Condensed-matter physics

Neatly trapped exotic matter

    An exotic form of matter, in which many atoms share a single quantum-mechanical state, has been trapped in a new and useful way.

    Bose–Einstein condensates are usually created in traps bounded by an electric field that varies gradually across the sample, producing a 'fuzzy' edge rather than a sharp cut-off. Now Alexander Gaunt and his team at the University of Cambridge, UK, have transferred a volume of matter created in this way to a cylindrical box with well-defined 'walls' of laser light. The technique should enable experiments on exotic matter that conform more rigorously to theoretical descriptions. It could also be adapted to make traps of different shapes, the authors say.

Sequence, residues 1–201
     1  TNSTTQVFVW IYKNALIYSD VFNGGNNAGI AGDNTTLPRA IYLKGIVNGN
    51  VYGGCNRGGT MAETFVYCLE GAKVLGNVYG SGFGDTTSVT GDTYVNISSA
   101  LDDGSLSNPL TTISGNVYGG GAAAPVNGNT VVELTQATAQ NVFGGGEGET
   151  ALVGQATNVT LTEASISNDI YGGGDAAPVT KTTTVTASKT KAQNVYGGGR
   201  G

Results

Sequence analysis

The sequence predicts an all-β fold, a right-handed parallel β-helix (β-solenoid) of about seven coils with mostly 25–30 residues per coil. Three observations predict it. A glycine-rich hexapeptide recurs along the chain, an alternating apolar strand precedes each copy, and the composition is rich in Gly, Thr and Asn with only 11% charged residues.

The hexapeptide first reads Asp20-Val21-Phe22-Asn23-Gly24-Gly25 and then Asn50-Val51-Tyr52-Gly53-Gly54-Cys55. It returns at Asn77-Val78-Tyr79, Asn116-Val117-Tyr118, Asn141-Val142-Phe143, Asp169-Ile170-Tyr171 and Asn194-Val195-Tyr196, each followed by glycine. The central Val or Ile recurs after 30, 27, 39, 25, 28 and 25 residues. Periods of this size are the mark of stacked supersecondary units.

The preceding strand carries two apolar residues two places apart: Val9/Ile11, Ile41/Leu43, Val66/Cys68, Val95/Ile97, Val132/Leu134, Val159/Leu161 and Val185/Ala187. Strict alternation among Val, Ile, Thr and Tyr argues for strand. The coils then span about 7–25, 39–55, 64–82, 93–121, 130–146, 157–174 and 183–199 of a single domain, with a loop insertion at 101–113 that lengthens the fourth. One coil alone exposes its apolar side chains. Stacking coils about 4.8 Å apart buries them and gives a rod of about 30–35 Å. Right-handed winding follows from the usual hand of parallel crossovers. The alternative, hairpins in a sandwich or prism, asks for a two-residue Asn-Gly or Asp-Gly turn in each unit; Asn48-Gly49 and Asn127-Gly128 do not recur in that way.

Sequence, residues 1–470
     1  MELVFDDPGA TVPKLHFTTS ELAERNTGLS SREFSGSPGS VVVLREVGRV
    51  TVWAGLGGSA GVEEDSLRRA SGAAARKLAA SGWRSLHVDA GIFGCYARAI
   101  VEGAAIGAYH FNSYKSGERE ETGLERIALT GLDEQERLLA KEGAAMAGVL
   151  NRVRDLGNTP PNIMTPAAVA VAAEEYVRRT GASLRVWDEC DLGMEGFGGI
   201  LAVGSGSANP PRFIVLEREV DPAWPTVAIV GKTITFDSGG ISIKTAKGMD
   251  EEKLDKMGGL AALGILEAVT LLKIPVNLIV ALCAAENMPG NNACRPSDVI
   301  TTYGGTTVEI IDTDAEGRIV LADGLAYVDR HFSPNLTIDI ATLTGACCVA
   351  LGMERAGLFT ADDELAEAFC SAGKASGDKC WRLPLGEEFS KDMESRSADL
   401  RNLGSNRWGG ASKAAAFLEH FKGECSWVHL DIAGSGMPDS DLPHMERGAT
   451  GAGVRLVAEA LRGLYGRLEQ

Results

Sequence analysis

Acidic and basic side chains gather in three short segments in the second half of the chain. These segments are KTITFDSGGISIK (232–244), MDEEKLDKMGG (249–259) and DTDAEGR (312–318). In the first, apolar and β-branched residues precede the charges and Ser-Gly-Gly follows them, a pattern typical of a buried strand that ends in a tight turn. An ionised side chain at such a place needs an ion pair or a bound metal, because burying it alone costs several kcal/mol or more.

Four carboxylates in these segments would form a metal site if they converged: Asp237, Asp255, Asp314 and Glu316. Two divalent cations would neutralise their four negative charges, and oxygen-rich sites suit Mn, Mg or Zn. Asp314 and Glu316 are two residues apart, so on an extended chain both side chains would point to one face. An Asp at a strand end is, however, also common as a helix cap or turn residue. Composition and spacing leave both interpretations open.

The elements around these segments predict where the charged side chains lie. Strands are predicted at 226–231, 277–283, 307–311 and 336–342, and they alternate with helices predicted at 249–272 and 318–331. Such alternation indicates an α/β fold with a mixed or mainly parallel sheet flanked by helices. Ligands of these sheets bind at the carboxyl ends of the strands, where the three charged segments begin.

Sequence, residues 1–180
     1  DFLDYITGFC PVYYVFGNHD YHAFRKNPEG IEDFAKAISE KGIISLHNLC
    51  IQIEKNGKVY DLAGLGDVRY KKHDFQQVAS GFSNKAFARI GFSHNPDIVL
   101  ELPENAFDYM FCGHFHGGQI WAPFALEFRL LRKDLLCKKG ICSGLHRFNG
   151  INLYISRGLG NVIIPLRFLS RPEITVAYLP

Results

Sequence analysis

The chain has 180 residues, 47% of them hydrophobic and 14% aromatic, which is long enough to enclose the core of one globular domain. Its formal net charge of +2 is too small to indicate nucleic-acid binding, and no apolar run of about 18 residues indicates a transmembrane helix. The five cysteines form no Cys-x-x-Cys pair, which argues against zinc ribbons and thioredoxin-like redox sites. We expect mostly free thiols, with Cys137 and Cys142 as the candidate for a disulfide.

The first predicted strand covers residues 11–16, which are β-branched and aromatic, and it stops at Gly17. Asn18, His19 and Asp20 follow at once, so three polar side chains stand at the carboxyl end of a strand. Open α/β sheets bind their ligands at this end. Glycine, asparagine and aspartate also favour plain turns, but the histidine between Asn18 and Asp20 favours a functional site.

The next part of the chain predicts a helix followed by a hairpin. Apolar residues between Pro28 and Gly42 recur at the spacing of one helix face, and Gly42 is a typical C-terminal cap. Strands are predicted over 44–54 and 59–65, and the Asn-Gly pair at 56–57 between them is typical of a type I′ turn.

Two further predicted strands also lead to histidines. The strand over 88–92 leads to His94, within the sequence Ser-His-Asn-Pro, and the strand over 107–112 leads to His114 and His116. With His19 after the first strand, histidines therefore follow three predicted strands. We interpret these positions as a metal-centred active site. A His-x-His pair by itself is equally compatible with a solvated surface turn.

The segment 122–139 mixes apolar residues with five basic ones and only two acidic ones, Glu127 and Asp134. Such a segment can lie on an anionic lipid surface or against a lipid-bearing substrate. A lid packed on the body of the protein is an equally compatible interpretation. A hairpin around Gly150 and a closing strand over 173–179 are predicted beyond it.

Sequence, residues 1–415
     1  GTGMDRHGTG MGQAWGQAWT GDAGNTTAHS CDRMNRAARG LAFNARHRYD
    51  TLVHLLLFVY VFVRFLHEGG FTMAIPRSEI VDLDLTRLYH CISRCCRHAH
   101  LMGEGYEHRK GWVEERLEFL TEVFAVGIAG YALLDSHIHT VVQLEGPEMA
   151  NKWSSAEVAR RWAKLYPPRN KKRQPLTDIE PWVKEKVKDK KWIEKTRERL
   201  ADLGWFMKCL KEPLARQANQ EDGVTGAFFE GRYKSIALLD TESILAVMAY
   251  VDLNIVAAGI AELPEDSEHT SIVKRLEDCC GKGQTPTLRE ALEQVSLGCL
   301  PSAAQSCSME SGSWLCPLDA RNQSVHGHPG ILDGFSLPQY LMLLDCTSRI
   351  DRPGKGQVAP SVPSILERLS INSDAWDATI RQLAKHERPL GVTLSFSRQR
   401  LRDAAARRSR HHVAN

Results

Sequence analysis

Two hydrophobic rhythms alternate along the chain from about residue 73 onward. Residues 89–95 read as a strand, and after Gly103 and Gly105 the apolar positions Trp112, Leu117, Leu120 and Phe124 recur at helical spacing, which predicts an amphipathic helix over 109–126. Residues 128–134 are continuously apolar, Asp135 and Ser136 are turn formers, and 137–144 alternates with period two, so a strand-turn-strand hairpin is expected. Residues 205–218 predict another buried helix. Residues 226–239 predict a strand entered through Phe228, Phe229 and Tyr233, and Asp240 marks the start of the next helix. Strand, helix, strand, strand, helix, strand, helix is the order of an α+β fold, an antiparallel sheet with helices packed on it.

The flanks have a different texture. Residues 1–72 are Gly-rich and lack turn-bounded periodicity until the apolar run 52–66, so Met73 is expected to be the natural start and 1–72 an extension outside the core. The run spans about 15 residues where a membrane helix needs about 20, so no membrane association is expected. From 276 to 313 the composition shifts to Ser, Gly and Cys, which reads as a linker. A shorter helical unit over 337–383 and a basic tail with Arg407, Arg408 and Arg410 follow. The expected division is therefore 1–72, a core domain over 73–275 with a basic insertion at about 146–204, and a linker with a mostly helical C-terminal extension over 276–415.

Phys. Rev. Lett. 110, 200406 (2013)

    Rights and permissions

    Reprints and Permissions

    About this article

    Cite this article

    Neatly trapped exotic matter. Nature 497, 539 (2013). https://doi.org/10.1038/497539d

    Download citation

    Comments

    By submitting a comment you agree to abide by our Terms and Community Guidelines. If you find something abusive or that does not comply with our terms or guidelines please flag it as inappropriate.